Budgetary Policies for Environmental Improvement
- International Studies in Environmental Policy Making series
Edited by J. Peter Clinch, Kai Schlegelmilch, Rolf-Ulrich Sprenger and Ursula Triebswetter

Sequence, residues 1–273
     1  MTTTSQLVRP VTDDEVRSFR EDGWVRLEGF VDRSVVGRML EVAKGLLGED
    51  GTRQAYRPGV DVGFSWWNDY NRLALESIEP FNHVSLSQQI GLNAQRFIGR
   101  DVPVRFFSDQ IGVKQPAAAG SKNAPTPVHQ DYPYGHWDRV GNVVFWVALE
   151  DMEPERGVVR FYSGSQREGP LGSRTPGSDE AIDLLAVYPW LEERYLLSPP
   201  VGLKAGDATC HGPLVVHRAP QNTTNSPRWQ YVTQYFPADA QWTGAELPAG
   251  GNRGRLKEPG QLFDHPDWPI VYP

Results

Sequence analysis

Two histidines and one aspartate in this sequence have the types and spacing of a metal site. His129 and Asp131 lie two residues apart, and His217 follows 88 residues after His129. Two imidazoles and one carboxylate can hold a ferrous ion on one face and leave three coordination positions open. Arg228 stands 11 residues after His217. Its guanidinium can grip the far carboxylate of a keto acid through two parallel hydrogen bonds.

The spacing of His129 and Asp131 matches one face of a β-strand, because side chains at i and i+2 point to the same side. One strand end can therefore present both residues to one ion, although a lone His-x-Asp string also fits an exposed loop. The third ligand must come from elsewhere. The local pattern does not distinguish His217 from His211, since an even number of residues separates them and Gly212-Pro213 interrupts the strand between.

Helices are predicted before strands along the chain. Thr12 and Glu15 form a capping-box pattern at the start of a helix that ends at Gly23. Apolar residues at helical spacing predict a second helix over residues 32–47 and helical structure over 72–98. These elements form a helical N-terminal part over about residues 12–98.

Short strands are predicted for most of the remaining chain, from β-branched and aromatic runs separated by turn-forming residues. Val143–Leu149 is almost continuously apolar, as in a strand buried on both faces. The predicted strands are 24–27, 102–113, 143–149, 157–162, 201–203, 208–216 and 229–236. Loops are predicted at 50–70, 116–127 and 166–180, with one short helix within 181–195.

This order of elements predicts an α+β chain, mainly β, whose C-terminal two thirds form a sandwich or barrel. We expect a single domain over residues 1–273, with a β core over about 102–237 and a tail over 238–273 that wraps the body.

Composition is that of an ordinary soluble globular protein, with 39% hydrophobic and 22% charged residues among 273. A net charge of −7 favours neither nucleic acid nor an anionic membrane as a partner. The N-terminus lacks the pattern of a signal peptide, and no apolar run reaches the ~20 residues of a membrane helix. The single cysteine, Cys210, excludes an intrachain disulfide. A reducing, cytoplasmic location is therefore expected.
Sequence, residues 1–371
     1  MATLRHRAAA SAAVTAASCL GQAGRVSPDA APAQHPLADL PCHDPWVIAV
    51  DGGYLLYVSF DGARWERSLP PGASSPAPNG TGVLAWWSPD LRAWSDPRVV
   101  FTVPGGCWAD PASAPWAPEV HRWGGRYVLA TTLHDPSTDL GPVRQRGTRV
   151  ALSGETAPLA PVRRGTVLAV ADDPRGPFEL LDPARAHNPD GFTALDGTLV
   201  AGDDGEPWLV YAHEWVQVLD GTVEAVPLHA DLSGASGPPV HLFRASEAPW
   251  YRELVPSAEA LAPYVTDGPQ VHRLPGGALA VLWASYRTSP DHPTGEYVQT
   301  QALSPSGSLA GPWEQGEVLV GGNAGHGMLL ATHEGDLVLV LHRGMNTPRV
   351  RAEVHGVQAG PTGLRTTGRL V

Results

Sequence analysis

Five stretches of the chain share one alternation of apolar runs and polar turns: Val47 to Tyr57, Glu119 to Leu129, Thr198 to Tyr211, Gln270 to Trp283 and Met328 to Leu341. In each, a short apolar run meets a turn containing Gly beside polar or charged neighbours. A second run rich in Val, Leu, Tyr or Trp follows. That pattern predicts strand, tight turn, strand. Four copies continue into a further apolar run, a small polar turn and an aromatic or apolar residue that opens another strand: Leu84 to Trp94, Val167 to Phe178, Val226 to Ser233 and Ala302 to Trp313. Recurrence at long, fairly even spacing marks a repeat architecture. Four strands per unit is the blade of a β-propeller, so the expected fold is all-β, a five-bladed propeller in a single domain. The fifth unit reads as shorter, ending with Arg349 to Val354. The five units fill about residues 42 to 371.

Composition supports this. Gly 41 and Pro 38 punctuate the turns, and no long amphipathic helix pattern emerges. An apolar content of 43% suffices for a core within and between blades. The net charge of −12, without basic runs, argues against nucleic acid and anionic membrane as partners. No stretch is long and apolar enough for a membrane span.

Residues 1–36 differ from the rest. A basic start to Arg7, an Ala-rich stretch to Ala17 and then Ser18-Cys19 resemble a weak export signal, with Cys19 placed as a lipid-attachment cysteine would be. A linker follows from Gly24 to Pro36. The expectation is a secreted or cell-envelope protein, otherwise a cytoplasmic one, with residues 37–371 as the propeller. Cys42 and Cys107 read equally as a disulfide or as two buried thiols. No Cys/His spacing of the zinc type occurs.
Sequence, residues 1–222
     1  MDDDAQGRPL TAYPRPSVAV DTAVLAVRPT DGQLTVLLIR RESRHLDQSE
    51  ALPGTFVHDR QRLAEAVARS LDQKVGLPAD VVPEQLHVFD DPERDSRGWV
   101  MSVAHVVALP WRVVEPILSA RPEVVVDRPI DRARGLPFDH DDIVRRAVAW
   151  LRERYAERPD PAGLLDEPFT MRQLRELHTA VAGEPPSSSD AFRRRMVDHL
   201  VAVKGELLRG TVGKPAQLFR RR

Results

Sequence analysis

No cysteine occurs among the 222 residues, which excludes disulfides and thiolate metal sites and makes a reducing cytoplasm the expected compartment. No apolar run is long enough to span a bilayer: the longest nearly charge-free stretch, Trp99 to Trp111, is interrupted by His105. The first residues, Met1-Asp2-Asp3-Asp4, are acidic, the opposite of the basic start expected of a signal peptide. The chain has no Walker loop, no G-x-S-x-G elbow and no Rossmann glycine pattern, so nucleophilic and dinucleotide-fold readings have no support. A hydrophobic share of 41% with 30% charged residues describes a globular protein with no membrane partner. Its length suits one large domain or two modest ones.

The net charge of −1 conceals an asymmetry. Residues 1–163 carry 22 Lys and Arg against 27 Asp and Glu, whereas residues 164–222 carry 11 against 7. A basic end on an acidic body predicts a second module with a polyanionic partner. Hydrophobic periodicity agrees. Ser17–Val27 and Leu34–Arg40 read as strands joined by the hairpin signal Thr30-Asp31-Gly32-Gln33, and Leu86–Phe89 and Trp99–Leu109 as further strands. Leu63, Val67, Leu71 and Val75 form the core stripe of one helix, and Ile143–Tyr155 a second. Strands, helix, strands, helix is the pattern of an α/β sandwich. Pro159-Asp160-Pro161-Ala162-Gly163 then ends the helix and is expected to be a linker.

Clinch 01 chaps 15/11/01 1:30 pm Page 3 1. Can we tell a perverse subsidy if we see one? Jan H.M. Pieters and Helen Mountford1 1. INTRODUCTION Much of the large sum of money spent to support certain economic activities dissipates to other sectors in the economy, rendering most support measures inefficient mechanisms for achieving their economic or social objectives (growth, employment, income for the recipient sector). Paradoxically, in spite of low effectiveness in achieving their intended objectives, certain support measures may result in considerably higher levels of environmental damage, or higher costs of environmental policy if the increase in potential damage is countered by relevant policies. This chapter looks into those characteristics of ‘perverse’ support that are both ineffective in economic terms and have strong adverse effects on environmental policy. The more support measures induce the use of particular physical inputs (energy, materials, water) or higher levels of physical output, the more likely it is that they are ineffective in economic terms while still having strong adverse effects on the environment. Such support measures tend to lock in prevailing technologies and products, while much environmental progress is dependent on increasing resource productivity through technical and behavioural change. As such, their removal does not imply a strong trade-off between economic and environmental objectives, as is often posited, but instead can benefit the environment, freeing support funds for more effective targeting of the original economic and social objectives, and enhancing the overall efficiency of the economy. Identifying these ‘perverse’ measures...
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